When you know their journey, you can create content that answers all of their questions, sometimes even before they thought to ask them. So while they might come to your site asking one question, you might end up keeping them there longer and answering ten more.

Each question you answer demonstrates your expert knowledge, which helps your ideal clients in their struggle to plan their wedding and in return they feel extremely thankful to you. They see you as an expert and begin to trust you.

End each blog post with a call to action – it might be a simple one like sending them to another post, leaving a comment or sharing the post, or asking for a bigger commitment such as filling in your contact form. Before you know it, there’s an enquiry in your inbox and a new booking in the calendar.

Bride and groom in a barn, groom is in a wheelchair and bride is crouching down to kiss him

Common Questions Around Blogging

Should I Blog Client Sessions?

When it comes to blogging past sessions, think about what potential clients are looking for? Do they want to read another story filled with cliches about the wedding day of people they don’t know? Probably not!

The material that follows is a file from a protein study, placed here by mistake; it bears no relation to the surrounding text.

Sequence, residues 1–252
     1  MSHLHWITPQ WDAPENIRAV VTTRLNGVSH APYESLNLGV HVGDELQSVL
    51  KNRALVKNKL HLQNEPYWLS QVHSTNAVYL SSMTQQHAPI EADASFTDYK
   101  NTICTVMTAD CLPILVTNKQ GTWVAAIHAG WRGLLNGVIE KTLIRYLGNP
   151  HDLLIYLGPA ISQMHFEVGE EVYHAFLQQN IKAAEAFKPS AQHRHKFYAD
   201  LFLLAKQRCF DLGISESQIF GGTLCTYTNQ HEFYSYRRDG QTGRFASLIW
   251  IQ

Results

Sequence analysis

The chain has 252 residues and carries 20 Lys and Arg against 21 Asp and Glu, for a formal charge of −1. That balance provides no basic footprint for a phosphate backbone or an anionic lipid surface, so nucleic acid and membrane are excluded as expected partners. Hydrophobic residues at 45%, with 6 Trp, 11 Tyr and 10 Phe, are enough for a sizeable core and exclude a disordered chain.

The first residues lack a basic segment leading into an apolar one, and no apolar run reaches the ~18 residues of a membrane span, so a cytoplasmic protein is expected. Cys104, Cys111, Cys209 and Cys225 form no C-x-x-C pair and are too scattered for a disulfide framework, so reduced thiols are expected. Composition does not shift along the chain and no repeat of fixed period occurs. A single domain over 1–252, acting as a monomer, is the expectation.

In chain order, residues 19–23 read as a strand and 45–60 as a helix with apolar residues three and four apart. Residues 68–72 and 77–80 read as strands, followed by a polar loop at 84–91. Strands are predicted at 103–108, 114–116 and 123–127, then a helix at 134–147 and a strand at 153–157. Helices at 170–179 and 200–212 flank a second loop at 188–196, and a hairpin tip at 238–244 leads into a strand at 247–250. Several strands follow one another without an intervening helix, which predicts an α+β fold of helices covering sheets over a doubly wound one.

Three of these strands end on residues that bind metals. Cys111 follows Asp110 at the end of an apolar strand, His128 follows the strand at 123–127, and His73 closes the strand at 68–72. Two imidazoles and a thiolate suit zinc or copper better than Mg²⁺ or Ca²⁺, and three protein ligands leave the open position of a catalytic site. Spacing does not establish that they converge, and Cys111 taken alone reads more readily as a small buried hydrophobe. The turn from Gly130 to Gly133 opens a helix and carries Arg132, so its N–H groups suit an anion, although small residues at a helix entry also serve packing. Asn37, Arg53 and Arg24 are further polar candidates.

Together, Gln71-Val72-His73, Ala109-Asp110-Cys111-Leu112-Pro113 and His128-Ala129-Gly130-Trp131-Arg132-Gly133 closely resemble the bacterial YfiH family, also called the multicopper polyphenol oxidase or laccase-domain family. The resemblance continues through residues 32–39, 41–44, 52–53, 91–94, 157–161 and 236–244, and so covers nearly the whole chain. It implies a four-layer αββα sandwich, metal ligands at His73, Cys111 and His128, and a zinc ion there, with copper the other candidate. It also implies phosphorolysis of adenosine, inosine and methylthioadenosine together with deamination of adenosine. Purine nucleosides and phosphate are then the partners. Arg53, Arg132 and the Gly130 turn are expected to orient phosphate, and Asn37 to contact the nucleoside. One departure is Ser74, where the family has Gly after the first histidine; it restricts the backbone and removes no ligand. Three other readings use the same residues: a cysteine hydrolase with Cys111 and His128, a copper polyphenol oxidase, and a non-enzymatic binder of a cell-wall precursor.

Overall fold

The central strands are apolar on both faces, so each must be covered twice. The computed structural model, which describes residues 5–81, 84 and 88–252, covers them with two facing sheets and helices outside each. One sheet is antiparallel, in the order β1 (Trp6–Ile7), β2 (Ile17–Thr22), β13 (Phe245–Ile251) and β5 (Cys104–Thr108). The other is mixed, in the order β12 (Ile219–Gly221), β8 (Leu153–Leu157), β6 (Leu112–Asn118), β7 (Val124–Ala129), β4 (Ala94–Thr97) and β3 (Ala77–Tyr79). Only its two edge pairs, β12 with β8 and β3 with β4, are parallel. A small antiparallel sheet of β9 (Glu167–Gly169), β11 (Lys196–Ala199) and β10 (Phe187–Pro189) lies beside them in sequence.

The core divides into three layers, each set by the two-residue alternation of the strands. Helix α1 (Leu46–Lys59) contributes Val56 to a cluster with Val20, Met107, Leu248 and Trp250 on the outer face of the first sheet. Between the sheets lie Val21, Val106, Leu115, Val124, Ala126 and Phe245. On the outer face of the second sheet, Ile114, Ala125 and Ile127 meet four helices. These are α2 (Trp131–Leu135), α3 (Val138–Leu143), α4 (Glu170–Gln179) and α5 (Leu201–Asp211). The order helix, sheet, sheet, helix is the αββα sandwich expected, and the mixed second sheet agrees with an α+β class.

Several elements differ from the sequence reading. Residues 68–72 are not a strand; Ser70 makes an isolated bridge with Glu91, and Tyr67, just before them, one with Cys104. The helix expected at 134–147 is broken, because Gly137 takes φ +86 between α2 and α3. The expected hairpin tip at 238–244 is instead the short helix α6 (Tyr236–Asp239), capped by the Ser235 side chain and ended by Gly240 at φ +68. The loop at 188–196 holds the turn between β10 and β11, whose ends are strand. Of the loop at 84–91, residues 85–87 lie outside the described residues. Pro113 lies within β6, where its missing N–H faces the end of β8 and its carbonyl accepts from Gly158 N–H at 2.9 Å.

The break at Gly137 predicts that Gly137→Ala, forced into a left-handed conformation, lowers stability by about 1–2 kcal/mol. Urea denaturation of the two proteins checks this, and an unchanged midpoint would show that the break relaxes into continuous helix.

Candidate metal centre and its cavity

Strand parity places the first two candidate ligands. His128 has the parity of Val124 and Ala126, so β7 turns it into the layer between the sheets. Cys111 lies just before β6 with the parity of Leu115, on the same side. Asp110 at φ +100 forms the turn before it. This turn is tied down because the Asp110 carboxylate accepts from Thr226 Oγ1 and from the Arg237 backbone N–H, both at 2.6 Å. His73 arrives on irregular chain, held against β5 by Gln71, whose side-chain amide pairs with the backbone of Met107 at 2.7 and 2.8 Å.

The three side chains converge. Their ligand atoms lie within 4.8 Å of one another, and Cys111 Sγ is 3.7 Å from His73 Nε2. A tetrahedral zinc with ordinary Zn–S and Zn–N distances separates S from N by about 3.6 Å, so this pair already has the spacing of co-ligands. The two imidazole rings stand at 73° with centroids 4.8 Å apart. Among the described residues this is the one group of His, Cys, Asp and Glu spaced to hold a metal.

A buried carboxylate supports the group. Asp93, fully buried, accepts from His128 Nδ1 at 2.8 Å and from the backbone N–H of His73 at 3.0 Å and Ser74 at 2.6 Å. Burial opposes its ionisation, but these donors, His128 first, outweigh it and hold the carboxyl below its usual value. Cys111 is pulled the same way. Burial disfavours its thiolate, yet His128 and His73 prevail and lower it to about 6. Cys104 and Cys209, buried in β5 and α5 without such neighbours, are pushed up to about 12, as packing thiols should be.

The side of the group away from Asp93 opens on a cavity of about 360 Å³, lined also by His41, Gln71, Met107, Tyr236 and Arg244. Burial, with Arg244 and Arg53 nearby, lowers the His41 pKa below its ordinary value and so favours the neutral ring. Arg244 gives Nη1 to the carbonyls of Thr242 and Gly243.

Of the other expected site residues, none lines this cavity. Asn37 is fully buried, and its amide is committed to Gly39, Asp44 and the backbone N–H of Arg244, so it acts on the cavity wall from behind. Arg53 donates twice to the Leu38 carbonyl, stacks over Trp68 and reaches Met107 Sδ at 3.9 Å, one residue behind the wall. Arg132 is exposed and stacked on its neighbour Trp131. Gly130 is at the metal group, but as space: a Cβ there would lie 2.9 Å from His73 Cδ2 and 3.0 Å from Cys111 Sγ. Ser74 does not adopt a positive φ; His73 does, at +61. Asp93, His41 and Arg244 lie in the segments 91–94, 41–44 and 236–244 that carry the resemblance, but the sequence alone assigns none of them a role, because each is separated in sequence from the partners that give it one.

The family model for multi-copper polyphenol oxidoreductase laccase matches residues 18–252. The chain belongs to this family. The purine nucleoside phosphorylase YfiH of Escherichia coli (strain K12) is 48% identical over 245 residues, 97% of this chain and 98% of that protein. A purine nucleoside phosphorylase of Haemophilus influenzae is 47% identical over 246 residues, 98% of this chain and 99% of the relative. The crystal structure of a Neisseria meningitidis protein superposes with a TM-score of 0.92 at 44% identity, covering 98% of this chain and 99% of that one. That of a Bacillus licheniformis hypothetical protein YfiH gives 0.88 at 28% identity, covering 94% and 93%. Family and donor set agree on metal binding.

When you blog past sessions, it’s fine to share a bit of background about the couple, but keep it short and relevant. Don’t go overboard on how the couple met and talk for hours about the way they gazed into each other’s eyes all day. Instead, present the session (couple shoot, wedding or elopement) with some helpful tips and information for other couples who might in interested in that location too. Optimise the post for relevant keywords and make sure these are reflected in the H1-H3 headings, URL, meta description and image alt tags.

Should I Blog About Things That Aren’t Related To My Photography Services?